# Embedded Calendar

We are working on an embedded device with a small amount of memory. In this device there is no space for time libraries. The device should provide the current time in UTC with this format: 2020-02-11 14:12:18.123 (year-month-day hour:minute:second, where second has 3 decimals).

Sometimes the device receives the current UTC time from an external source.

The device is only aware of its uptime (milliseconds from the boot).

We are writing a serial protocol to update the reference time and get current time.

## Input format

Any line beginning with R (reference) contains the reference time in UTC and associated uptime in milliseconds.

Any line beginning with G (get) contains the uptime in milliseconds.

 1 2 3  R 2020-02-11 13:12:18.123 1000000 G 4600000 G 8200000 

## Constraints

Uptime is in milliseconds and can only increment.

Reference may not be provided or may be provided multiple times. Reference are always valid timestamps.

## Output format

Print out the current time in UTC for each input line beginning with G. If a reference time is not available, print -.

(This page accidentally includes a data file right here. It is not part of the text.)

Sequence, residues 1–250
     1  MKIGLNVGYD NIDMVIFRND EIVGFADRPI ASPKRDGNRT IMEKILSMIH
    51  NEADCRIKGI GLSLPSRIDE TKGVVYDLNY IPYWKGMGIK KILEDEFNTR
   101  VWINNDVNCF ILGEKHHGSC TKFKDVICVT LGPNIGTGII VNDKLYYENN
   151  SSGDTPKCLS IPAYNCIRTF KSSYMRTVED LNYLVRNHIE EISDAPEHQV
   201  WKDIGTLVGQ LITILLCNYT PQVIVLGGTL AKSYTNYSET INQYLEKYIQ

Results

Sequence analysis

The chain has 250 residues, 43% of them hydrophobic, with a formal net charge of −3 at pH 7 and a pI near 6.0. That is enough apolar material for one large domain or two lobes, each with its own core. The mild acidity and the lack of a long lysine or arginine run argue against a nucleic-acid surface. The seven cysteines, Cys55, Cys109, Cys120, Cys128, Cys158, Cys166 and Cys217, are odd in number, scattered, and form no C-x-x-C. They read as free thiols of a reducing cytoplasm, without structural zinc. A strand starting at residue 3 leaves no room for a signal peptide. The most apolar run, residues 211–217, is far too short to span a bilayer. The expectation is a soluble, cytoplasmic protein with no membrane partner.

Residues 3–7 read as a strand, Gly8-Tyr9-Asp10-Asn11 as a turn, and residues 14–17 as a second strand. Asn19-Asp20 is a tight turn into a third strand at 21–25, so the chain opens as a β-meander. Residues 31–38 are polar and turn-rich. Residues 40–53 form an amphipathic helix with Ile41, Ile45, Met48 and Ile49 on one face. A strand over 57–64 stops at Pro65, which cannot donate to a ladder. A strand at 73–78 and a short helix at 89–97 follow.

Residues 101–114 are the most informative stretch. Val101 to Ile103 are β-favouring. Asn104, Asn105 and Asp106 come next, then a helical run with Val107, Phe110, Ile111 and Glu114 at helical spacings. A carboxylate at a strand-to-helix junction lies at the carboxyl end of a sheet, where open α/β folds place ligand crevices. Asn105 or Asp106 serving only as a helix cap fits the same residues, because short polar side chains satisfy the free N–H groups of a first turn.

## Solutions

Handling (human) time is difficult… time zones, leap years, leap seconds. Most languages have libraries to handle calculation on dates.

But… you should not have used any time library available in your language of choice!

### Naive solution

We have a reference time, where human time and computer time are associated.

When we want to translate computer time to human time, we can add second by second to the human time, handling remainders correctly (remember months have a variable amount of days and leap years exist).

### Improved solution

While at the date level there are special cases (days per month and leap years), time of the day is regular (e.g.: the second 3600 is always 01:00:00.000).

So we can first calculate how many days is the difference between the reference time and the computer time and add them to the date.

Then we use the remaining milliseconds to add to the found day. It may be possible to step to next day (e.g.: it’s 23:00 and remaining time to add is 4000 seconds).

### Update reference